Dielectric gas

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A dielectric gas, or insulating gas, is a dielectric material in gaseous state. Its main purpose is to prevent or rapidly quench electric discharges. Dielectric gases are used as electrical insulators in high voltage applications, e.g. transformers, circuit breakers (namely sulfur hexafluoride circuit breakers), switchgear (namely high voltage switchgear), radar waveguides, etc.

A good dielectric gas should have high dielectric strength, high thermal stability and chemical inertness against the construction materials used, non-flammability and low toxicity, low boiling point, good heat transfer properties, and low cost.[1]

The most common dielectric gas is air, due to its ubiquity and low cost. Another commonly used gas is a dry nitrogen.

In special cases, e.g., high voltage switches, gases with good dielectric properties and very high breakdown voltages are needed. Highly electronegative elements, e.g., halogens, are favored as they rapidly recombine with the ions present in the discharge channel. The halogen gases are highly corrosive. Other compounds, which dissociate only in the discharge pathway, are therefore preferred; sulfur hexafluoride, organofluorides (especially perfluorocarbons) and chlorofluorocarbons are the most common.

The breakdown voltage of gases is roughly proportional to their density. Breakdown voltages also increase with the gas pressure; many gases however have limited upper pressure due to their liquefaction.

The decomposition products of halogenated compounds are highly corrosive, the occurrence of corona discharge should therefore be prevented.[2]

Build-up of moisture can degrade dielectric properties of the gas. Moisture analysis is used for early detection of this.

Dielectric gases can also serve as coolants.

Vacuum is an alternative for gas in some applications.

Mixtures of gases can be used where appropriate. Addition of sulfur hexafluoride can dramatically improve the dielectric properties of poorer insulators, e.g. helium or nitrogen.[3] Multicomponent gas mixtures can offer superior dielectric properties; the optimum mixtures combine the electron attaching gases (sulfur hexafluoride, octafluorocyclobutane) with molecules capable of thermalizing (slowing down) accelerated electrons (e.g. tetrafluoromethane, fluoroform. The insulator properties of the gas are controlled by the combination of electron attachment, electron scattering, and electron ionization.[4]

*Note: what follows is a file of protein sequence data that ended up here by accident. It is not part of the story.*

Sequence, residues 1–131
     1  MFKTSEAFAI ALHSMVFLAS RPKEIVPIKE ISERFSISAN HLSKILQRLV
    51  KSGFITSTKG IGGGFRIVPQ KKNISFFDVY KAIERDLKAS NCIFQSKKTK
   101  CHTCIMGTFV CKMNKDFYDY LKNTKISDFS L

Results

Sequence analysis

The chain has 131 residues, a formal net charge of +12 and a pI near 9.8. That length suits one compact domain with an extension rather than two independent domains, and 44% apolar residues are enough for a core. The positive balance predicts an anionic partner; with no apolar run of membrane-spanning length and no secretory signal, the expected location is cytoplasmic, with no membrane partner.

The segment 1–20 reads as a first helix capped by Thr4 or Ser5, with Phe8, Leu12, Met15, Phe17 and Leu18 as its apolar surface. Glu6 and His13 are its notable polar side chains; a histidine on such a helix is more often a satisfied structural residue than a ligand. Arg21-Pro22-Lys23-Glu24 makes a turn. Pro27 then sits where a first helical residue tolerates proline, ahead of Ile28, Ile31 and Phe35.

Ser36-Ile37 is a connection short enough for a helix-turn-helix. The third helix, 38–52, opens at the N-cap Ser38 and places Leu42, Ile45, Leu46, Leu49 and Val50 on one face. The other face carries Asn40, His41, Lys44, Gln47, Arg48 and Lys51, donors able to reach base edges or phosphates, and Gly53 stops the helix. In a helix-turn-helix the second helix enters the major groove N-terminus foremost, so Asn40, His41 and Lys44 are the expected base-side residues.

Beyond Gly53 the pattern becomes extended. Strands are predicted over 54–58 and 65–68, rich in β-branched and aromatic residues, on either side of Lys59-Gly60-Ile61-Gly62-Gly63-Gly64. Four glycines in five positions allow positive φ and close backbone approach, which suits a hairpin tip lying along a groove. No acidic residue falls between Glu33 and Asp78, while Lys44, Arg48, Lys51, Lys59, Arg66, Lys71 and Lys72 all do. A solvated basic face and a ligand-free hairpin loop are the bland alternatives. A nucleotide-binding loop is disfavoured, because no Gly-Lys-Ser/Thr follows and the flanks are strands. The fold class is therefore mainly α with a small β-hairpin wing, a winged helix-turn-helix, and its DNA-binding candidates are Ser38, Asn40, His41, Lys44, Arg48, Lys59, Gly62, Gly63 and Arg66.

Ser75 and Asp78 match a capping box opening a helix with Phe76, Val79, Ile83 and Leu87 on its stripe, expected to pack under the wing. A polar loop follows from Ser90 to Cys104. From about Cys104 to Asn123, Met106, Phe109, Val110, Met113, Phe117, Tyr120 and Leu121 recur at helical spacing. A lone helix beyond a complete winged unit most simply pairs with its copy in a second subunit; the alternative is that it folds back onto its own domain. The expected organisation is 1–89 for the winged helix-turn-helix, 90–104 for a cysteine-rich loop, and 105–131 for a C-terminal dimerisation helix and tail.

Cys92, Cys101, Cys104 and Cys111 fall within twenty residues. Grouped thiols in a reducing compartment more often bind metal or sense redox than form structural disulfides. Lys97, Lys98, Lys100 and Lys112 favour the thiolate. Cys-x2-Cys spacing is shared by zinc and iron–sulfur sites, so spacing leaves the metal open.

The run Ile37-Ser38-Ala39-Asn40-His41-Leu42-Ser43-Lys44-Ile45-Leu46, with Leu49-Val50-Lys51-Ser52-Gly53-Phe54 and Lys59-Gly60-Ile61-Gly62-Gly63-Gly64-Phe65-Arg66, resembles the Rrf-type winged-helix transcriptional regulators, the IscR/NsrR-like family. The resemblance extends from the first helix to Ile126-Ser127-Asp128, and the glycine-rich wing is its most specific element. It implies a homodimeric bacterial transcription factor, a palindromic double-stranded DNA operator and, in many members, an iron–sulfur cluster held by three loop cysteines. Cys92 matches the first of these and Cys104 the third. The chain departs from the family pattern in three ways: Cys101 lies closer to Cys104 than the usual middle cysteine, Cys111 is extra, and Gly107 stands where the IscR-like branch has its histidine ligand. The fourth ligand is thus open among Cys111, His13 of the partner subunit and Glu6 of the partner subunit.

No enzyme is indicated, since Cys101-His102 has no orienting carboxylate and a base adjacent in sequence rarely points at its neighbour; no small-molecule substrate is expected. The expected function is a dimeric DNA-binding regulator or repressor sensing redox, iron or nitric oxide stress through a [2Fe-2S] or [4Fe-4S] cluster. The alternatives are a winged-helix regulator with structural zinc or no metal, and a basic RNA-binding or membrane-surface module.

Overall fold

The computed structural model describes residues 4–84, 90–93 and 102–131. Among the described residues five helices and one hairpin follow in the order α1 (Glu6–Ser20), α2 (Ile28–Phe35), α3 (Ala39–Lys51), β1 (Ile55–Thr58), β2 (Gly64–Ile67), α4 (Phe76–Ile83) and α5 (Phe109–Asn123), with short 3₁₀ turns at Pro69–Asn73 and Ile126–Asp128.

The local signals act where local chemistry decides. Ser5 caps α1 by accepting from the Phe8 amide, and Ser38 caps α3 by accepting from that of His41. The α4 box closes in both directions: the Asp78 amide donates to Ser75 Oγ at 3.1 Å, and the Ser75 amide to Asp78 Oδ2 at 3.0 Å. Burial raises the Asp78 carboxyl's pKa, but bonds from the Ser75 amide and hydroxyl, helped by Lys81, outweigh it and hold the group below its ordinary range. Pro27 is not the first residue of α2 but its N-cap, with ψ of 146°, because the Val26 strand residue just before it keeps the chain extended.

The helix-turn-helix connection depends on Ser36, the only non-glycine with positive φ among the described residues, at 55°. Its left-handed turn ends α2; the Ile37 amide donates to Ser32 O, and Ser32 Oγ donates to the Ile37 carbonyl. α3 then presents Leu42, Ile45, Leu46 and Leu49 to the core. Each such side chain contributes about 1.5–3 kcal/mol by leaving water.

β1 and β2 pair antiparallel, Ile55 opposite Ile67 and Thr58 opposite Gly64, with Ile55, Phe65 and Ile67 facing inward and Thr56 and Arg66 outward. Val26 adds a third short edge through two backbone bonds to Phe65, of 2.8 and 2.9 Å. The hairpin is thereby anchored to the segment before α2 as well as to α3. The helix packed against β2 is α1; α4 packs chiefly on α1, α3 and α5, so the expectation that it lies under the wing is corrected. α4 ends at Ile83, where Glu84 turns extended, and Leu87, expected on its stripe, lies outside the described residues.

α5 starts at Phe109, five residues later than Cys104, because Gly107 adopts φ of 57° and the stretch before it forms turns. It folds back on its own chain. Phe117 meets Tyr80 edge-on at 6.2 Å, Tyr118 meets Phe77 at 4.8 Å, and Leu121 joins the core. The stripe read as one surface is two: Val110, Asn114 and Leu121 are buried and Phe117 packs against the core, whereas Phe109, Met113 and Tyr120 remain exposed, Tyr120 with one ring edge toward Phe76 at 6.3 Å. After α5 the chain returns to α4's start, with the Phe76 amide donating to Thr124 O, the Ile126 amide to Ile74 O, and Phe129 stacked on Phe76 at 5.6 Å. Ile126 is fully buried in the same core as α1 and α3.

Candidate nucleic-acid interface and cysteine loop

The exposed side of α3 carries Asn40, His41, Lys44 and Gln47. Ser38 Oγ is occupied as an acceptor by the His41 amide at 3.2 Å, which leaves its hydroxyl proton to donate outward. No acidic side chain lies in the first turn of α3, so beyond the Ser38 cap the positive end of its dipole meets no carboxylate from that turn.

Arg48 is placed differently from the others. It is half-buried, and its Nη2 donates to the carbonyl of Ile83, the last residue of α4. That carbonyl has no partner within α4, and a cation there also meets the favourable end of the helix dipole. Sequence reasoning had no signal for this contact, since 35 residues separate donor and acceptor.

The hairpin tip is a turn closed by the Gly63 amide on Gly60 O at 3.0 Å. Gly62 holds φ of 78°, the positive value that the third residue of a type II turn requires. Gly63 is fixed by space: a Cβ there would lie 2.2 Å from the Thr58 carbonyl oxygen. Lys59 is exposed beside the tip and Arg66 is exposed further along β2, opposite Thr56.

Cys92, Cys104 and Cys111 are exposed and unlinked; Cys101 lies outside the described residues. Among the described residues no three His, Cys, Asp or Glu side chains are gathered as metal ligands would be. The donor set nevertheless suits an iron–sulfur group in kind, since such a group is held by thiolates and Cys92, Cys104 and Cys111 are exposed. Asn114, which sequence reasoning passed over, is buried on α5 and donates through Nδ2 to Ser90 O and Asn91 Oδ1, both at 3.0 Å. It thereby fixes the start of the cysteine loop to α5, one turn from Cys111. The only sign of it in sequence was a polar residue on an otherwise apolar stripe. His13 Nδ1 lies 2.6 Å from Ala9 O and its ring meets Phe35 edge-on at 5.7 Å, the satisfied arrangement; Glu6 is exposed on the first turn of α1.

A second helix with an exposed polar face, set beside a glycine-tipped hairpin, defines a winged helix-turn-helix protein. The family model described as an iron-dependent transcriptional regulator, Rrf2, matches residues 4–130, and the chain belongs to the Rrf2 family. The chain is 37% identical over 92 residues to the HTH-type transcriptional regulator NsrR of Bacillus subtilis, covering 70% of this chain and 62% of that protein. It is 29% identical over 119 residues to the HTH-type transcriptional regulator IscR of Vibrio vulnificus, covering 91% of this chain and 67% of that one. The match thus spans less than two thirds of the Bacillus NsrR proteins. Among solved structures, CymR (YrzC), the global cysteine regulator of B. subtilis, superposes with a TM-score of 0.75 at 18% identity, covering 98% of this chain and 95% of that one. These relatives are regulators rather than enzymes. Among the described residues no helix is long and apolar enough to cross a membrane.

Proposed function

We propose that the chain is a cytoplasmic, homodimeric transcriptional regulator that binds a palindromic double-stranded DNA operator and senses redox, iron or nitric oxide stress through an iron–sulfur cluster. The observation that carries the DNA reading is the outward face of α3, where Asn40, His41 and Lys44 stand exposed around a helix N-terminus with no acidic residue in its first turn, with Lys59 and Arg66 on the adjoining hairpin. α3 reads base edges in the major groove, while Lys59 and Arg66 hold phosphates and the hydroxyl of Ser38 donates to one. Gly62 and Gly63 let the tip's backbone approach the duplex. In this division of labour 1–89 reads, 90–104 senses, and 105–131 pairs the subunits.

Atmospheric pressure significantly influences the insulation properties of air. High-voltage applications, e.g. xenon flash lamps, can experience electrical breakdowns at high altitudes.

Relative spark breakdown voltages of insulating gases at 1 atm
Gas Formula Breakdown voltage relative to air Molecular weight (g/mol) Density* (g/l) ODP GWP Electron-attaching Properties
Sulfur hexafluoride SF
6
3.0 146.06 6.164 22800 The most popular insulating gas. It is dense and rich in fluorine, which is a good discharge quencher. Good cooling properties. Excellent arc quenching. Corrosive decomposition products. Its price increased and supply got limited, as many manufacturing plants switched to production of more profitable perfluorocarbons. The most potent known greenhouse gas with extremely long atmospheric lifetime. Although most of the decomposition products tend to quickly re-form SF
6
, arcing or corona can produce disulfur decafluoride (S
2
F
10
), a highly toxic gas, with toxicity similar to phosgene. Sulfur hexafluoride in an electric arc may also react with other materials and produce toxic compounds, e.g. beryllium fluoride from beryllium oxide ceramics. Frequently used in mixtures with e.g. nitrogen or air.
Nitrogen N
2
1.15 28 1.251 not Often used at high pressure. Does not facilitate combustion. Can be used with 10–20% of SF6 as a lower-cost alternative to SF6. Can be used standalone or in combination with CO2. Non-electron attaching, efficient in slowing down electrons.
Air 29/mixture 1 1.2 Breakdown voltage 30 kV/cm at 1 atm. Very well-researched. When subjected to an electrical discharge, forms corrosive nitrogen oxides and other compounds, especially in presence of water. Corrosive decomposition products. Can facilitate combustion, especially when compressed.